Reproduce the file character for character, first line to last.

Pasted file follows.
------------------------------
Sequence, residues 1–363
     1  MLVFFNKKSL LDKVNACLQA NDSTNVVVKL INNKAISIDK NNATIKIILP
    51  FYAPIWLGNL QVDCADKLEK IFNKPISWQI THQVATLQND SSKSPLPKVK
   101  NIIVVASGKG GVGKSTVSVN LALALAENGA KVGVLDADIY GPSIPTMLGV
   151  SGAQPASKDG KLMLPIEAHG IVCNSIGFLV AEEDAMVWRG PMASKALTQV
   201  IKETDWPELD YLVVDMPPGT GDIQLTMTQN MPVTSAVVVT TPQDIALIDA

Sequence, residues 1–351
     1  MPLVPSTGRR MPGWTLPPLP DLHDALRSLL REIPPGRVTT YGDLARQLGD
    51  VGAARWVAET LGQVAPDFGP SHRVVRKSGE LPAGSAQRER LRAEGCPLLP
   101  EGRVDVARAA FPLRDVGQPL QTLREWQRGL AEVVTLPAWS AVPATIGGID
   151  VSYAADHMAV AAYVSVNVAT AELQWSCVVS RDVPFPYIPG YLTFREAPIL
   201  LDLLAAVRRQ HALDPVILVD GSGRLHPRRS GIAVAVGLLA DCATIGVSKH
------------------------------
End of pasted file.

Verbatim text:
Sequence, residues 1–363
     1  MLVFFNKKSL LDKVNACLQA NDSTNVVVKL INNKAISIDK NNATIKIILP
    51  FYAPIWLGNL QVDCADKLEK IFNKPISWQI THQVATLQND SSKSPLPKVK
   101  NIIVVASGKG GVGKSTVSVN LALALAENGA KVGVLDADIY GPSIPTMLGV
   151  SGAQPASKDG KLMLPIEAHG IVCNSIGFLV AEEDAMVWRG PMASKALTQV
   201  IKETDWPELD YLVVDMPPGT GDIQLTMTQN MPVTSAVVVT TPQDIALIDA

Sequence, residues 1–351
     1  MPLVPSTGRR MPGWTLPPLP DLHDALRSLL REIPPGRVTT YGDLARQLGD
    51  VGAARWVAET LGQVAPDFGP SHRVVRKSGE LPAGSAQRER LRAEGCPLLP
   101  EGRVDVARAA FPLRDVGQPL QTLREWQRGL AEVVTLPAWS AVPATIGGID
   151  VSYAADHMAV AAYVSVNVAT AELQWSCVVS RDVPFPYIPG YLTFREAPIL
   201  LDLLAAVRRQ HALDPVILVD GSGRLHPRRS GIAVAVGLLA DCATIGVSKH